Google could spark quiet cloud revolution

Security is the top reason most businesses give for not considering cloud-based software applications, but Google may have quietly changed all that.

Security is the top reason most businesses give for not considering cloud-based software applications, but Google may have quietly changed all that.

With little fanfare, the company has released a software development tool that challenges the biggest objection to cloud-based applications.

Google's Secure Data Connector (SDC) software allows businesses to use cloud-based Google Apps to access data behind the company firewall for the first time.

"Previously [this was] a difficult issue to tackle," according to Google engineering manager Brandon Nutter in a company blog.

The SDC is free standards-based software that creates an encrypted link between Google Apps and company data that can now remain behind the firewall.

Oracle has led the way in creating connections for Google Apps to its Siebel CRM software, but any third-party integrators can use the SDC.

"SDC provides the foundations for a serious alternative to paid software applications," says Ray Wang, analyst at Forrester Research.

IT services company Capgemini expects more organisations to consider Google Apps now that it is easier and cheaper to make secure connections to backend systems.

"SDC is important because organisations want to integrate business systems simply and securely," says Andrew Gough, cloud offer development manager at Capgemini.

Big businesses are choosing cloud-based applications to move away from monolithic systems to a more loosely coupled IT, and SDC will make that easier, he says.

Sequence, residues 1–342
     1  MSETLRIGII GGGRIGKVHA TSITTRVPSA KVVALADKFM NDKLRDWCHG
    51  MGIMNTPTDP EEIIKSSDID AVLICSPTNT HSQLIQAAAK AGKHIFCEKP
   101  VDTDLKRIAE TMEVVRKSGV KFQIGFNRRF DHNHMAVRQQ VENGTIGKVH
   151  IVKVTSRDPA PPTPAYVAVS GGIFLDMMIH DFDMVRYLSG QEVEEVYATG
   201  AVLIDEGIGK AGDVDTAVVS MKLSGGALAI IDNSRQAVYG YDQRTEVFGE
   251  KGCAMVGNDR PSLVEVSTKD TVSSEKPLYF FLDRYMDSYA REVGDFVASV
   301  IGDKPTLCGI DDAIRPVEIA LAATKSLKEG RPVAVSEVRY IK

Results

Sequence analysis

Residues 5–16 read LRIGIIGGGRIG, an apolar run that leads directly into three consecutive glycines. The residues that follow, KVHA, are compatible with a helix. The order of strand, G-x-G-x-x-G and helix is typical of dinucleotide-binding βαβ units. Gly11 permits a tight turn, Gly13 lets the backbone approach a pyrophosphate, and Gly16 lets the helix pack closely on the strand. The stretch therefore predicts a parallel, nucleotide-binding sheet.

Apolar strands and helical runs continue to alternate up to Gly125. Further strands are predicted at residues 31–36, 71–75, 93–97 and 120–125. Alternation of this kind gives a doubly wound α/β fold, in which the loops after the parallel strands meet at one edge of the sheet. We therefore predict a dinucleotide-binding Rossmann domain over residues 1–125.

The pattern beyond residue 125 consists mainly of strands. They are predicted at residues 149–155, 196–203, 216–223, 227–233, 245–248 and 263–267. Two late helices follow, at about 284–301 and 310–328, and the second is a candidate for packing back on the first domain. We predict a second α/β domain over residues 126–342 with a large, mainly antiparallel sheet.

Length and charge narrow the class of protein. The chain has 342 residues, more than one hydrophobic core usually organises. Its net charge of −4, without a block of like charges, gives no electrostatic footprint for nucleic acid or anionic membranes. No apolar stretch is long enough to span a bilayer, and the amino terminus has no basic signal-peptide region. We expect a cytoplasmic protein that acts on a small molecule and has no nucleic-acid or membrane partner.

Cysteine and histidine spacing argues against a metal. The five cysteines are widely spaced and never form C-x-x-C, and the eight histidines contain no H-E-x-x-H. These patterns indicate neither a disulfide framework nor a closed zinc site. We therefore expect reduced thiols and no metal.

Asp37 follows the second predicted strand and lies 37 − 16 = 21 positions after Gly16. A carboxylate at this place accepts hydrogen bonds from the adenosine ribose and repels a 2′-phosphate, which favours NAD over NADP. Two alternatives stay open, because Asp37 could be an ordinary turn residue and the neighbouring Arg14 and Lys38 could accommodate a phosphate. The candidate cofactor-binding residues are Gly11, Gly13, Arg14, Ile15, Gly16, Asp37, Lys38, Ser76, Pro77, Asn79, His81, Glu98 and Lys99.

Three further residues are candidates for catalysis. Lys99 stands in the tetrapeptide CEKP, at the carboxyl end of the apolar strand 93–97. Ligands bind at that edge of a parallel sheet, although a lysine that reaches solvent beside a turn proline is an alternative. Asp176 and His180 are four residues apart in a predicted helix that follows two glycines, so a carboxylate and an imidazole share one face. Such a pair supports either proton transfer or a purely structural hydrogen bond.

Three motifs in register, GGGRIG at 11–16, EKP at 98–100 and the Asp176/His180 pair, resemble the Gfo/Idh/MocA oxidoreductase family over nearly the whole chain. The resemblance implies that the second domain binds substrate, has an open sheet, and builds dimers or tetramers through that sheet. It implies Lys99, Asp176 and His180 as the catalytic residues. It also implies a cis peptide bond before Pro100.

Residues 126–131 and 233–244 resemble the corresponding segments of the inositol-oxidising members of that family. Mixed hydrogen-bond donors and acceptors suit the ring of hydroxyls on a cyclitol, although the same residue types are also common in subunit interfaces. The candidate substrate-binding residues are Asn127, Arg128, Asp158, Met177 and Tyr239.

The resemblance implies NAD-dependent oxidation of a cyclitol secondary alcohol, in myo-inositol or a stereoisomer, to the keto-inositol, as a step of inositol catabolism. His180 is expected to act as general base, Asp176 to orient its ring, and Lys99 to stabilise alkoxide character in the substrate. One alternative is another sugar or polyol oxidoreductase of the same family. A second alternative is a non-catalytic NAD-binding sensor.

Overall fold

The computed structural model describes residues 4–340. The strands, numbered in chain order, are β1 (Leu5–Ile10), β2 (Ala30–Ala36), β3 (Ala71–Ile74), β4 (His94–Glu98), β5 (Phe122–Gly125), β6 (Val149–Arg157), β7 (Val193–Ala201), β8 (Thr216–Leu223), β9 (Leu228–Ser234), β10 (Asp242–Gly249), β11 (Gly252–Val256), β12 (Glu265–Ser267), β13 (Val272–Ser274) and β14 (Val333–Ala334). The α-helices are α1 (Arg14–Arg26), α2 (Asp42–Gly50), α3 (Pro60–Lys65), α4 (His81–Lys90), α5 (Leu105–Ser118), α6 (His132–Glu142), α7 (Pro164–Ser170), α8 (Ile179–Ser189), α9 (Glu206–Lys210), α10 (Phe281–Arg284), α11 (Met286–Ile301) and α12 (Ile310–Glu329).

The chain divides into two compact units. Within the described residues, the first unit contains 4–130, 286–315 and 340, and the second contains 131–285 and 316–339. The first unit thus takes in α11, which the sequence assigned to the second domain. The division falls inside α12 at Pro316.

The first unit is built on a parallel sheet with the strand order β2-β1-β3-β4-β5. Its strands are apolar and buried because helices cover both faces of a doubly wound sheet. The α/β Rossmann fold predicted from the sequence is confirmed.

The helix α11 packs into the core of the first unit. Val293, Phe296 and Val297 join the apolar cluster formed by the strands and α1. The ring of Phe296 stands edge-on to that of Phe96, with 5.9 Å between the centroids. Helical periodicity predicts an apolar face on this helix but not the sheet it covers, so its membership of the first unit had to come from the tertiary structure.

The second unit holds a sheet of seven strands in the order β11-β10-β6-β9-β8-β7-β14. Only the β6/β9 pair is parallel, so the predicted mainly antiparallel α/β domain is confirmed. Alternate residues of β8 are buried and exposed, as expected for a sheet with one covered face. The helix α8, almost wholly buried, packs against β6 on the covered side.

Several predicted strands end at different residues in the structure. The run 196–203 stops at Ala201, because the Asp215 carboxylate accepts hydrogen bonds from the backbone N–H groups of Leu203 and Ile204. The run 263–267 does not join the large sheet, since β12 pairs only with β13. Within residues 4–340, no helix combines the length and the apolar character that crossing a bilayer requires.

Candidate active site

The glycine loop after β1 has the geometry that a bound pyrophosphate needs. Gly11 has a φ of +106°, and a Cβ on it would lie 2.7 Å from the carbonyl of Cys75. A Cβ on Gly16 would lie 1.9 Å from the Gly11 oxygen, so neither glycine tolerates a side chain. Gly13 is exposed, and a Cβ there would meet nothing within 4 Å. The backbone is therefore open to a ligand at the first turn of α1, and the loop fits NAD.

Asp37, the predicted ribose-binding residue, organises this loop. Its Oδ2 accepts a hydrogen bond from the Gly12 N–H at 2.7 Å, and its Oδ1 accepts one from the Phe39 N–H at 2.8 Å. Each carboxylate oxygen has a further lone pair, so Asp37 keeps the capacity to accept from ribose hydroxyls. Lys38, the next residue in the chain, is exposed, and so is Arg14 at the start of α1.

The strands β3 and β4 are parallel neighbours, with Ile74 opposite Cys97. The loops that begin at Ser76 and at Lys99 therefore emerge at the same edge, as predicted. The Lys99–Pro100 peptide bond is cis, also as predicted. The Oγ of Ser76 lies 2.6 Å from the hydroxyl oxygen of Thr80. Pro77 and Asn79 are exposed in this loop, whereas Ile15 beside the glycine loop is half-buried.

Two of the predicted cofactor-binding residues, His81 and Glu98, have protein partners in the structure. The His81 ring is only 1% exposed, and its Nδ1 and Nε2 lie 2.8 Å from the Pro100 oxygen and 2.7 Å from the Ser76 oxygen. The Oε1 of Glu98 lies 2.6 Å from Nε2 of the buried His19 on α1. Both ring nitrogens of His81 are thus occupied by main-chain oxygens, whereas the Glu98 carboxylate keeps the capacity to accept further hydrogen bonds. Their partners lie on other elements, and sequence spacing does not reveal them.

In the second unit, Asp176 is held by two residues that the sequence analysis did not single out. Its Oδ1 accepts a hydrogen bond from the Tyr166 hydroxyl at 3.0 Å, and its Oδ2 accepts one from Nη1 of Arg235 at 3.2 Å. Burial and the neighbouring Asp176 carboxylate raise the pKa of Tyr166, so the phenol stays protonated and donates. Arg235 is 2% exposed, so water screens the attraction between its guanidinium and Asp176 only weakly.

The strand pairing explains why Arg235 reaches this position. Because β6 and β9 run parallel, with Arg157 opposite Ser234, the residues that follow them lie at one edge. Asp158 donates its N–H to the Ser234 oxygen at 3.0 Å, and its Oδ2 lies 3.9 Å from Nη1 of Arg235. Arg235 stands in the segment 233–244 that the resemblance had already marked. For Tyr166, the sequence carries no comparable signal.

Gough says SDC is unlikely to prompt big business to migrate to Google Apps en masse, but with each application or strategy refresh, there will be one more option on the table.

Oracle's support for Google's SDC will also give businesses confidence in Google's infrastructure and encryption and user-authentication processes.

SDC removes one of the biggest barriers to cloud-based applications for many organisations already interested in the benefits of the software-as-a-service model.

Some 24% of organisations in North America and Europe are considering software-as-a-service, while 21% are piloting, deploying or upgrading implementations, according to a survey by Forrester Research.

Wang says SDC makes it more likely for enterprise to adopt Google Apps and potentially other services.

SDC, says Gough, will enable organisations to do what they want without barriers and that will see Google Apps becoming a lot more mainstream.

"At present only around 5% of enterprises are using cloud-based applications, but within five years that will have increased to 20% or even 30%," says Gough.

Given the potential of Google's SDC, its introduction could spark a quiet revolution that will displace traditional software business models in the next few years.

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